Whereas you have the 3D games where suddenly, outside of the occasional outlier like Iron Knuckles, nothing hit you for more than a full heart and with 20 hearts and bottles that can hold free full heal fairies (and for the N64 games a half-damage upgrade) suddenly all those pieces of heart don't seem to matter all that much after your first or second container to get you out of your starting 3 hearts faster. Enemies and challenges don't scale well at all for most of these games and only recently with games like TP and SS have enemies even tried to keep up while nerfing the power of potions and fairies.

Likewise where and how you've assembled your inventory has changed over the years as well. In the Original you had to find or buy a sizable portion of your inventory outside of dungeons (Blue Ring, Magical Shield, Power Bracelet, Letter, Blue Candle, Wooden Arrows, Bombs, White and Magical Swords, and Potions), and dungeons themselves sometimes had more than one item (First Quest had Levels 1, 5, 7, 8, & 9 and Second Quest had Levels 4, 8, & 9). In ALttP where they toned down dungeon items to one per dungeon there were still quite a number of optional items to be found outside of dungeons (like the Bombos Medallion, the Bug-Catching Net, the Magic Boomerang, the Red Shield, the Tempered and Golden Swords, the Magic Cape, the Cane of Bryna, the Mushroom and the Magic Powder, Bombs and their and Arrow expansions, a Magic Meter expansion, and Bottles). OoT was still pretty good about optional items as well (with the Ice Arrows, two of the three Spells and two of the other three fairy upgrades, Deku Nuts and their and Seed and Stick expansions, Bomb Bag and Arrow Quiver expansions too, Beans, the Golden Scale, the Hylian Shield, the Giant's Knife and Biggoron's Sword, the Wallet expansions and the Stone of Agony, three of the Bottles, the Tunics, the Mask of Truth and other assorted masks, Epona, her song, the Sun Song, and the Cow I guess).

Around MM is where optional items start to phase out in favor of heart pieces and rupees due to the pre dungeon item needed to enter the dungeon (leaving the wallet, bomb bag, and arrow quiver expansions, Bombchus, Deku Nuts, five out of six bottles, all but the first Great Fairy upgrades, the Razor and Gilded Swords, the Bombers' Notebook, the Song of Soaring, and 18 out of 24 masks or 17 out of 24 masks and the Bomb Bag) although the masks were a fair tradeoff at this point. WW on the other hand lets you ignore (the Tingle Tuner, the Picto Box and its upgrade, the wallet, bomb, arrow, and magic meter expansions, the upgraded spin attack, the Hero's Charm, the Magic Armor, three of the bottles, and perhaps the Song of Passing, the Bait Bag, and that utterly broken Elixir Soup, plus 51 out of 60 charts and that stupid Nintendo Gallery).


The tl;dr of this :goonsay: post is that I just feel like exploration in Zelda games have been offering diminishing returns over time.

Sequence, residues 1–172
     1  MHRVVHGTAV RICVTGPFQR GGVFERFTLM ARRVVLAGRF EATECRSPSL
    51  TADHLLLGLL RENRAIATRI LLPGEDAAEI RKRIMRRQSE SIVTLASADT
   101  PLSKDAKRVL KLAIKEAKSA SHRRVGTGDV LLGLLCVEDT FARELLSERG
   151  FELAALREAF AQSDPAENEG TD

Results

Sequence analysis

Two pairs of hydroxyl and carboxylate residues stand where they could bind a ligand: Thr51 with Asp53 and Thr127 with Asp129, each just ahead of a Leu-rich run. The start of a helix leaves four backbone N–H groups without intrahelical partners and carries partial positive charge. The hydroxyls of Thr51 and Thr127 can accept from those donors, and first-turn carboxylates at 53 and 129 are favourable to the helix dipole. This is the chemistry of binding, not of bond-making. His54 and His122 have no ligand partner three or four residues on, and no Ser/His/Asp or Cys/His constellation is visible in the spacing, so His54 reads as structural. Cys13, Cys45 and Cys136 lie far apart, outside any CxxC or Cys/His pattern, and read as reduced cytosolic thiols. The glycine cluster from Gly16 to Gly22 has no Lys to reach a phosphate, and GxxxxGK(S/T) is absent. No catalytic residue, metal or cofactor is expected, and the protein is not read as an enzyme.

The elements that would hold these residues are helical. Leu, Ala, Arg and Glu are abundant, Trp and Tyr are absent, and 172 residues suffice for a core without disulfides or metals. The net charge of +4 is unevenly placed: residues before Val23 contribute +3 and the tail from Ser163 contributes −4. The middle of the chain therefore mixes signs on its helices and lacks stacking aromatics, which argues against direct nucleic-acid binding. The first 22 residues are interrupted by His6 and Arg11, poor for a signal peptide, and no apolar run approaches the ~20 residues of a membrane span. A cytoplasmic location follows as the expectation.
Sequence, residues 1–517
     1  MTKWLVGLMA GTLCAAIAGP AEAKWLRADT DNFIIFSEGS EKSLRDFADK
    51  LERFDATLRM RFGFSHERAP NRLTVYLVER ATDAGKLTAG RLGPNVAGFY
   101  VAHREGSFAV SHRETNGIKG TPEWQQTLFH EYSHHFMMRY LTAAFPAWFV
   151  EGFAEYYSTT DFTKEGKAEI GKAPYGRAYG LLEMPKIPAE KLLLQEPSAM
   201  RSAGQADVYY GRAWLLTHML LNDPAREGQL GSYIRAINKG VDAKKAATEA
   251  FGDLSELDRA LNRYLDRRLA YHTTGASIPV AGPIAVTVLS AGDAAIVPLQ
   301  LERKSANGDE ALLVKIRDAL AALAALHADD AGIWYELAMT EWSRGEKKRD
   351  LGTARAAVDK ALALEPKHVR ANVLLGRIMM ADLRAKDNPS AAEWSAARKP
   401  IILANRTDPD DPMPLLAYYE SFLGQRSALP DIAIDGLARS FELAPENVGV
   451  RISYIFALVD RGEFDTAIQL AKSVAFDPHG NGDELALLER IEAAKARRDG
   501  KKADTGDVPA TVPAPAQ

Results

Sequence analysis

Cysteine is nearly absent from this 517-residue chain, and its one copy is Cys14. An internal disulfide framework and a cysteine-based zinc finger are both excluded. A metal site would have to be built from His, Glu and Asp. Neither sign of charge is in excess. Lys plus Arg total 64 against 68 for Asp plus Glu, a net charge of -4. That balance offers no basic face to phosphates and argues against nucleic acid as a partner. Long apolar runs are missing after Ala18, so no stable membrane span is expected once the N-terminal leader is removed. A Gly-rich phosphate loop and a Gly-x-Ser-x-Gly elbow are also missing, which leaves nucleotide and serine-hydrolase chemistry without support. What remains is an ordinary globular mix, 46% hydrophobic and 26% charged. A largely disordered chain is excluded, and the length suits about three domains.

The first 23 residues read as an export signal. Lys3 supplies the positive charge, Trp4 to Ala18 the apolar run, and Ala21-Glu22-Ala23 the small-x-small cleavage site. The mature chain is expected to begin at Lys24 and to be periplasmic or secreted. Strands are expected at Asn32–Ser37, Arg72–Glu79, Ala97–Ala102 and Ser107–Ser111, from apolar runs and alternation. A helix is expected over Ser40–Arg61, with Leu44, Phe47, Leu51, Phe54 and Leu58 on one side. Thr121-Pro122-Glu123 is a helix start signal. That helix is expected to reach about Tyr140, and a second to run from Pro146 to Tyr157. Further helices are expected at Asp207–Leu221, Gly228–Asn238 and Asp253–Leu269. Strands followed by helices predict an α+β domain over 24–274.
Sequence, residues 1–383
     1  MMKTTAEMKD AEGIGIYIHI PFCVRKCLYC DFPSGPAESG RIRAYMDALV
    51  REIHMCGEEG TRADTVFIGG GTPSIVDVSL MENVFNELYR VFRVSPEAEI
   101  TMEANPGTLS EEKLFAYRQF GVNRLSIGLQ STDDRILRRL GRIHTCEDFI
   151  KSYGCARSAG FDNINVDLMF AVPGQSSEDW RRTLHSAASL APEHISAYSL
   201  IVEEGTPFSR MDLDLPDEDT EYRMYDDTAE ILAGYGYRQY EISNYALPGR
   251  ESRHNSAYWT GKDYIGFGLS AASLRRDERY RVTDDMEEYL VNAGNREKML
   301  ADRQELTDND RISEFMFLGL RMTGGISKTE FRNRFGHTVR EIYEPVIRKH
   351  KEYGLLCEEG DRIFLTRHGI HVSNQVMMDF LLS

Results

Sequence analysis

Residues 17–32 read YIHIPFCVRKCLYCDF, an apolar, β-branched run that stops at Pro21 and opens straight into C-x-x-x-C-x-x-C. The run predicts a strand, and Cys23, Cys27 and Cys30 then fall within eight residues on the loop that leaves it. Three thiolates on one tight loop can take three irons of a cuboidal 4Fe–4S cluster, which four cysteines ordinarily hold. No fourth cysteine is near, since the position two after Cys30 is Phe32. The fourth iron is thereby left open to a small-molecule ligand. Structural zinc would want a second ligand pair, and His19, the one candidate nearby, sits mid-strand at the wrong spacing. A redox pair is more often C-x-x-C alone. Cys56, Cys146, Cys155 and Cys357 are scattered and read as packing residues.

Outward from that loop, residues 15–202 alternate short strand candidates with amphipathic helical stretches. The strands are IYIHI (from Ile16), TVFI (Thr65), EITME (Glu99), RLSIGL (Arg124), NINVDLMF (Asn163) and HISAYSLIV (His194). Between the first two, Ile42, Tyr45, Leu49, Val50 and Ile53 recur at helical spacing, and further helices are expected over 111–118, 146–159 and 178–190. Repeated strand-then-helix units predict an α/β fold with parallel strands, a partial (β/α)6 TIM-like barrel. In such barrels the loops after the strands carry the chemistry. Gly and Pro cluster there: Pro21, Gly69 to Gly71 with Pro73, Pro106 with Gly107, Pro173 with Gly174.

3666  Media / Single-Player RPGs / Re: RPG girl you would marry? on: March 25, 2012, 01:19:08 AM
I decided to adjust my answer. I would also like to marry Agrias from FFTactics, simply because she's the most impressive female in tactics, and probably the single least pathetic female in the ff universe til XII's Fran.

Wasn't Fran's entire purpose was to say the phrase "The Mist ect..." in an accented voice while pretending to be a less hairy Chewbacca?
3667  Media / Single-Player RPGs / Re: Is Zelda Skyward Sword really the best Zelda game ever? on: March 25, 2012, 12:04:45 AM
I am a nut-case completionist and strange as it may be, I have not finished a Zelda since the OoT. A Link to the Past was my favorite but something happened to my tastes thereafter and I never was really able to "get into" a Zelda title the same way ever since...  I gave Twilight Princess a sincere effort but it also fell off my radar long before completion...

I don't know why the Zelda franchise doesn't do it for me.... but it just doesn't....

Could be something lost in translation between 2D and 3D. I know that the series has moved quite a distance away from the openendedness that the early games thrived upon. Majora's Mask had a somewhat openendedness when it came to sidequests and such but having to access Hyrule or whatever one piece at a time really diminished that sense of accomplishment when you found something that you could get to or something that you need to come back to later on.

Kinda like the difference between Super Metroid and Metroid Fusion: One lets you try to figure out how to proceed to the next part of the game and hides items that, even if you can't get to them now, they'll be there for you to pick up the next time you're in the neighborhood; the other constantly pushes you forward towards a goal, never letting you look back, purely for the sake of the narrative.

Much in the same way guys like the Owl, Navi, Tatl, the Mako Trees, KotRL, Elzo, Minda, and Fi are constantly pushing you forward trying to keep you on track and not letting you proceed at your own pace through a large and fairly open overworld. Of course if you made a game like this today people are probably going to complain about needing to look up GameFAQs or being too unintuitive instead of enjoying what the game is trying to let you do. It feels like games these days try to make players feel like they achieved something without making them work for it at all. At the very least the Zelda games over the last decade are incredibility guilty of this.